Awards & Winners

Orson Welles

Date of Birth 06-May-1915
Place of Birth Kenosha
(Wisconsin, Kenosha County, United States of America, Area code 262)
Nationality United States of America
Also know as George Orson Welles, O.W. Jeeves, G.O. Spelvin, Orson Wells, Welles, George Orson Welles, George Orson Welles, George Orson Welles, G.O. Spelvin, O.W. Jeeves, George Orson Welles, O.W. Jeeves, G.O. Spelvin, George Orson Welles, Welles, George Orson Welles, G.O. Spelvin, O.W. Jeeves, Orson Wells, Welles, Джордж О́рсон Уэ́ллс, Джордж Орсон Уэллс, George Orson Welles, O. W. Jeeves, G. O. Spelvin
Profession Film Director, Film Producer, Screenwriter, Actor, Television Director, Playwright, Film Editor, Theatre Director, Voice Actor, Radio personality, Television Producer, Production Designer, Costume Designer
  • I hate television. I hate it as much as peanuts. But I can't stop eating peanuts.
  • I hate it when people pray on the screen. It's not because I hate praying, but whenever I see an actor fold his hands and look up in the spotlight, I'm lost. There's only one other thing in the movies I hate as much, and that's sex. You just can't get in bed or pray to God and convince me on the screen.
  • Every actor in his heart believes everything bad that's printed about him.
  • Hollywood is the only industry, even taking in soup companies, which does not have laboratories for the purpose of experimentation.
  • My doctor told me to stop having intimate dinners for four unless there are three other people.
  • I want to give the audience a hint of a scene. No more than that. Give them too much and they won't contribute anything themselves. Give them just a suggestion and you get them working with you. That's what gives the theater meaning: when it becomes a social act.
  • I don't say we all ought to misbehave, but we ought to look as if we could.
  • The laws and the stage, both are a form of exhibitionism.
  • The essential is to excite the spectators. If that means playing Hamlet on a flying trapeze or in an aquarium, you do it.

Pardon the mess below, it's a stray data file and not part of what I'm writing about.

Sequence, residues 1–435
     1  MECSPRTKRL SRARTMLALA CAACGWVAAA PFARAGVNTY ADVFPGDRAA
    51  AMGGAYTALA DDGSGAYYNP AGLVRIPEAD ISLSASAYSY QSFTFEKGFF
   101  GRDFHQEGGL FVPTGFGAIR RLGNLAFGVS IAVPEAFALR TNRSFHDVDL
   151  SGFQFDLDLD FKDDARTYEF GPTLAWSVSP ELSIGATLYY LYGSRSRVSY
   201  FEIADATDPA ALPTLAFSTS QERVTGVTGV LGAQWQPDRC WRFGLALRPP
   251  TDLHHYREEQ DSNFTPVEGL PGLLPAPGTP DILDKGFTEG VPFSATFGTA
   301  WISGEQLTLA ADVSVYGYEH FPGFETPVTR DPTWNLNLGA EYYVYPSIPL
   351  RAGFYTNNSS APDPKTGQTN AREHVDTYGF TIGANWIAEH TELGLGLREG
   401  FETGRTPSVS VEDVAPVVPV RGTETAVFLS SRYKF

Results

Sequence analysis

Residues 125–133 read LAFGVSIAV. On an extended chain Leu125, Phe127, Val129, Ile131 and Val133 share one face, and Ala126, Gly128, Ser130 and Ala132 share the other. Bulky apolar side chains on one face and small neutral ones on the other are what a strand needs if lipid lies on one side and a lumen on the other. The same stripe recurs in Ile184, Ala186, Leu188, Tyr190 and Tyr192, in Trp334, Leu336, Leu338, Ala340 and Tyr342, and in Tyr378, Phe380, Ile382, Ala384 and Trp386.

• Ecstasy is not really part of the scene we can do on celluloid.
  • I think we're a kind of desperation. We're sort of a maddening luxury. The basic and essential human is the woman, and all that we're doing is trying to brighten up the place. That's why all the birds who belong to our sex have prettier feathers -- because males have got to try and justify their existence.
  • The ideal American type is perfectly expressed by the Protestant, individualist, anti-conformist, and this is the type that is in the process of disappearing. In reality there are few left.
  • The director is simply the audience. So the terrible burden of the director is to take the place of that yawning vacuum, to be the audience and to select from what happens during the day which movement shall be a disaster and which a gala night. His job is to preside over accidents.
  • We're born alone, we live alone, we die alone. Only through our love and friendship can we create the illusion for the moment that we're not alone.
  • When you are down and out something always turns up -- and it is usually the noses of your friends.
  • I rather think the cinema will die. Look at the energy being exerted to revive it -- yesterday it was color, today three dimensions. I don't give it forty years more. Witness the decline of conversation. Only the Irish have remained incomparable conversationalists, maybe because technical progress has passed them by.
  • Only very intelligent people don't wish they were in politics, and I'm dumb enough to want to be in there.
  • Now we sit through Shakespeare in order to recognize the quotations.
  • They teach anything in universities today. You can major in mud pies.